5 Great Colombian Films to see before travelling to Colombia
Colombian cinema isn’t exactly steeped in history like Brazilian, nor famous for its quality like Argentinian, nor popular with hipsters like Mexican. This undoubtedly is due to financing as well as the fact that when people go to watch a film about Colombia, they expect guns, violence, gangsters and drugs.
Still, that doesn’t mean there aren’t some great films that have come out of the country, even if they’re not always easy to find in your local cinema in Bogotá. Sure, many of these do involve the above elements but to an extent it’s understandable; Colombia may be changing but its history is undoubtedly not laden with Hollywood-friendly stories and characters. What generally differentiates the good, the bad and the ugly is in how these elements are depicted, and how the effects upon the country itself are shown.
Here are my picks of some of the best of Colombian cinema, before coming to town be sure to try and watch at least a few to get an understanding of the country, even if only a small introduction. For those of us that already live here, it’s a great way to learn a little more, find out about a new region or just remind yourself about some of Colombia’s sadder or more inspiring stories.
La virgen de los sicarios (Our Lady of the Assassins)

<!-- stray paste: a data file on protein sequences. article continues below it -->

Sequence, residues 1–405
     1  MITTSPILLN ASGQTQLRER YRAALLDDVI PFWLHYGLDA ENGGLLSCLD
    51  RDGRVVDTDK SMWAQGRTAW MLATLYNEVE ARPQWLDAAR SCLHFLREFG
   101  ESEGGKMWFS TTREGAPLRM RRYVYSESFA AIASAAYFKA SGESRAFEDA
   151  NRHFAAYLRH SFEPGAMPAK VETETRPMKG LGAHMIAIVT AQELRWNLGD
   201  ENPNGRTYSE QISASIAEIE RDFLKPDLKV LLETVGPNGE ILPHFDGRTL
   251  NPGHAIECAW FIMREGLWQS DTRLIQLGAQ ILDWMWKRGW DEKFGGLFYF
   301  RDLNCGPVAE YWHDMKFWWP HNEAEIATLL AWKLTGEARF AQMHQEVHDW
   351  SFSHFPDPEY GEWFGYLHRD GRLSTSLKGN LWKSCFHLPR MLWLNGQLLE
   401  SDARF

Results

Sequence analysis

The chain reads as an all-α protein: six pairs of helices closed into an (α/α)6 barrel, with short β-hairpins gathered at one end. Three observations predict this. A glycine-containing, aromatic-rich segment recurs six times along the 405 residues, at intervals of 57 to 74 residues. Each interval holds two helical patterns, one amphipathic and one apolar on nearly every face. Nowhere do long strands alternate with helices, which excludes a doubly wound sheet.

Adapted from the novel of the same title by Fernando Vallejo, Our Lady of the Assassins is a bleak story of hopeless love, murder and criminality. A gay Colombian author in his fifties returns to Medellín after a long absence to find the city is mired in violence and completely different to how he remembered it. While the film may not be a fair representation of Medellín today, it still captures the fear and confusion of a certain page in the city’s history.
La Estrategia del Caracol
A slow-moving but charming piece of cinema inspired by a true story that appeared in the daily paper, The Strategy of the Snail will appeal to expats already familiar with the country’s rather unique blend of overcomplicated beauracracy, and the ease with which you can avoid it unless it suits someone. It’s humourous, true to life and a great rumination on Colombian society.
Los Colores de la Montaña
An assured, slow-paced film that depicts how Colombia’s warring factions affect the lives of those living in the countryside. By focusing mainly on the lives of a group of children, the film shows that those most deeply affected are often without real political convictions; those that merely want to live their lives in comfort.
The Two Escobars
Critically acclaimed, The Two Escobars focuses on the lives of two of Colombia’s most infamous celebrities: Andrés Escobar and Pablo Escobar. Unrelated by birth, their stories nonetheless intertwine through a love of football (Andrés represented the country at the World Cup in 1994) and, unfortunately, some rather more nefarious ways. The film follows the two men’s stories up until the tragic end.
Low-key but far reaching, The Towrope ruminates upon the effect of violent conflict in impoverished rural communities. Perhaps not one for mainstream audiences, it shows the difficulty of life for some in Colombia with an unerring vagueness, where the violence is barely shown, barely contextualised but always somehow present. Difficult, challenging but, if you can make it to the end, hugely rewarding.
From TraveltoColombia.org blog